Chicago

Chicago Aldermen Dismayed Not by Corruption, but by One of Their Own Cooperating With the Feds

A retiring member of the Chicago City Council wore a wire to record conversations. He's being treated like a snitch…by city leaders.

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Ed Burke
Brian Cassella/TNS/Newscom

Members of Chicago's City Council are absolutely aghast to discover a snitch among their own—an alderman who was secretly wearing a wire to help the feds investigate corruption. And they appear to be angrier about the recordings than the actual corruption.

Earlier in the month, Chicago Alderman Ed Burke was charged with trying to extort legal work and campaign donations from a Burger King franchise operator. Yesterday, the Chicago Sun Times broke the news that another alderman, Danny Solis, had been secretly recording his conversations with Burke in order to assist federal law enforcement.

The responses to this news from other aldermen in Chicago provides a fascinating look into the mindset of city leaders. They are shocked and horrified that Solis was recording them, and seem much less concerned by the idea that Burke was doing something wrong. Here are some choice quotes from the Chicago Tribune:

One longtime colleague of Solis' said she might cry about his wearing a wire because "you don't do that." Another alderman said that in his Southwest Side ward, "if you wear a wire someone's going to kick your ass." …

Black Caucus Chairman Ald. Roderick Sawyer, 6th, said he wouldn't wear a wire against fellow council members. Sawyer said the situation could cause distrust, with aldermen thinking twice when dealing with their colleagues.

"You would like to think someone would just take their punishment like they should take their punishment and not try to spread it to other people. It could be entrapment. It could be ensnaring somebody in something they would not normally do," Sawyer said. …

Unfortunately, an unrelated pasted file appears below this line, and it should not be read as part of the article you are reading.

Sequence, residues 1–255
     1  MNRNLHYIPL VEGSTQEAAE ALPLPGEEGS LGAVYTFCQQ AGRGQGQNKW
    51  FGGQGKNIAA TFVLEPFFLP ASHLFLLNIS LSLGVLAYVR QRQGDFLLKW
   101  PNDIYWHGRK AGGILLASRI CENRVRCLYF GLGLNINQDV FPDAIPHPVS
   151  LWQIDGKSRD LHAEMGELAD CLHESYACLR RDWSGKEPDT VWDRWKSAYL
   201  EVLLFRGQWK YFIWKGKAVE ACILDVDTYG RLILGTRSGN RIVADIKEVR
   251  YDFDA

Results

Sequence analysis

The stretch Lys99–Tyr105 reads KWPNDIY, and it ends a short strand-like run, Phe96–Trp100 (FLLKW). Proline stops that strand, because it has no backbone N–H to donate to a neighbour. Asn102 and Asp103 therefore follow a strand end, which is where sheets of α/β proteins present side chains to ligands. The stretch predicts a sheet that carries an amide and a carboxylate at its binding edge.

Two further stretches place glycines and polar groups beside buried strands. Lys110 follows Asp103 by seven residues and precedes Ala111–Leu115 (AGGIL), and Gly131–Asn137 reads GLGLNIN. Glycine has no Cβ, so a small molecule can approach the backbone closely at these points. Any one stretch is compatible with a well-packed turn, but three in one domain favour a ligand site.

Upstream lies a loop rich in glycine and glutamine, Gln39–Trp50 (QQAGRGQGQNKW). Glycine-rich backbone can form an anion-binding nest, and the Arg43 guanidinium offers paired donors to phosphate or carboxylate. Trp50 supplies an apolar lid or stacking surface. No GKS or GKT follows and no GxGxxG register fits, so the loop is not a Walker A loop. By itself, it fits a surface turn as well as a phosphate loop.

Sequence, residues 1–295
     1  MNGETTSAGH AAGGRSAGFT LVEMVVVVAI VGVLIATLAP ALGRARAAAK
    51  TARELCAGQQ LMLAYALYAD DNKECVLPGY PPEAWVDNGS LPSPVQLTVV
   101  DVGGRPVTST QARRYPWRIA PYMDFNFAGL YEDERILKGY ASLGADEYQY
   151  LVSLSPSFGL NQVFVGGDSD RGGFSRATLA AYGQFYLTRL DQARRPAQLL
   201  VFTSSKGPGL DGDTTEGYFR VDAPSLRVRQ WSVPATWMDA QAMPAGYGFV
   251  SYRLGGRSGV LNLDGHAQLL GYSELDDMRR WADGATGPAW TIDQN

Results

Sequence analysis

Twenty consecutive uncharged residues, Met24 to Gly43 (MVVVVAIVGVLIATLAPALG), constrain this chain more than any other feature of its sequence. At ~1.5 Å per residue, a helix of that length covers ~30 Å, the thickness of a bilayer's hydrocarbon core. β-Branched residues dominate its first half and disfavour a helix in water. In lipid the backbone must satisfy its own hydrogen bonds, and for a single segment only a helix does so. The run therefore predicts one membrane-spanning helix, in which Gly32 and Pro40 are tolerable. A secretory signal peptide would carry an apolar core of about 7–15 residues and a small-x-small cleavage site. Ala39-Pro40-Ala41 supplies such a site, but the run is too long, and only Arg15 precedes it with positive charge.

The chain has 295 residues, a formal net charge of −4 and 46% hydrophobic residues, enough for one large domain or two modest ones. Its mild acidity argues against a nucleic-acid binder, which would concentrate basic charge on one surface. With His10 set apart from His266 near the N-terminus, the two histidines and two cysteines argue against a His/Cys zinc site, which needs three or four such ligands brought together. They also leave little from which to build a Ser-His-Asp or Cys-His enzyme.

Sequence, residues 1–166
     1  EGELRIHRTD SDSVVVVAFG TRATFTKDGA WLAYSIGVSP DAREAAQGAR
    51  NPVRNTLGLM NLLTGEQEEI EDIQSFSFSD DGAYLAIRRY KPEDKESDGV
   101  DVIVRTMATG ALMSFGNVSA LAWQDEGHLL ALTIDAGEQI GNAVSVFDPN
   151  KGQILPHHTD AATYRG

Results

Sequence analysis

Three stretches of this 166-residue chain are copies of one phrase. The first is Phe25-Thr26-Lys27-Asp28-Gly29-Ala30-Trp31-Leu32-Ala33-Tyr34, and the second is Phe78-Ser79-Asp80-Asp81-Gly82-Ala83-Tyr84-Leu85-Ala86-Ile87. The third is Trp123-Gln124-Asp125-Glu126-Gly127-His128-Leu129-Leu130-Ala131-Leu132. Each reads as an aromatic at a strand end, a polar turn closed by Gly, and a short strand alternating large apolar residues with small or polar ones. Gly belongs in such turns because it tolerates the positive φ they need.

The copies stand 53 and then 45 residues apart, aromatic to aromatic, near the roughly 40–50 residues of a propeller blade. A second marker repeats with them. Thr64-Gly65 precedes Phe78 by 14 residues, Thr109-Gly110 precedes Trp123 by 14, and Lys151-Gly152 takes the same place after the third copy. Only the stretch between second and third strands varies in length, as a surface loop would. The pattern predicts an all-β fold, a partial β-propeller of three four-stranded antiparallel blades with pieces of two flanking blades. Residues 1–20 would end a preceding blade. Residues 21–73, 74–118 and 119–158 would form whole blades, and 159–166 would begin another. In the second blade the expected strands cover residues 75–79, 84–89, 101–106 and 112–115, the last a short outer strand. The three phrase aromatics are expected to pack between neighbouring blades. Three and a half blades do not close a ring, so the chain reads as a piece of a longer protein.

Ald. Carrie Austin, 34th, who's been on the council with Solis for more than two decades, said she didn't want to talk about Solis "because I might cry." Asked why she might cry, Austin responded, "You don't do that, you just don't."

There were other aldermen, though, who did note that the corruption scandals indicate they should maybe put the brakes on some things, and figure out whether or not some plans being put in place were in fact tainted by Burke's corruption.

Solis announced in November that he was retiring and would not be seeking re-election, and the Sun Times notes that in a previous television interview where he talked about his pending retirement (before Burke's indictment), he also suggested that Burke should consider retiring as well, perhaps hinting at what was to come.

These corruption scandals are nothing new for Chicago's ruling class. Solis was originally named alderman in 1996 to replace Ambrosio Medrano, who had been caught up in a FBI corruption investigation called Operation Silver Shovel. Medrano pleaded guilty to taking thousands of dollars in bribes. He has subsequently been convicted again and sent to prison, this time for paying bribes to try to secure government medical contracts and getting kickbacks.

But Medrano refused to wear a wire and assist the feds in Operation Silver Shovel, and for that, some aldermen hailed him as a stand-up guy. And while it might be admirable in private life for people to refrain from assisting the government in arresting people (particularly for vice-related crimes for which there are no victims), these are people who have tremendous control in Chicago over who is allowed to set up business in the city.

This corruption is not harmless. It prevents people from engaging in economic activity and building their own businesses in Chicago without first paying, or agreeing to pay, these alleged "stand-up guys" on the city council. While the reactions of Chicago's City Council members is entertaining in a horrifying way, it also downplays the very real effects of this corruption on citizens' lives. Eric Boehm previously noted Burke's extensive political reach and how much he wanted to control and ban any number of products and services. To what extent did financial considerations, rather than moral ones, play into Burke's policy-making? And who was harmed because of it?

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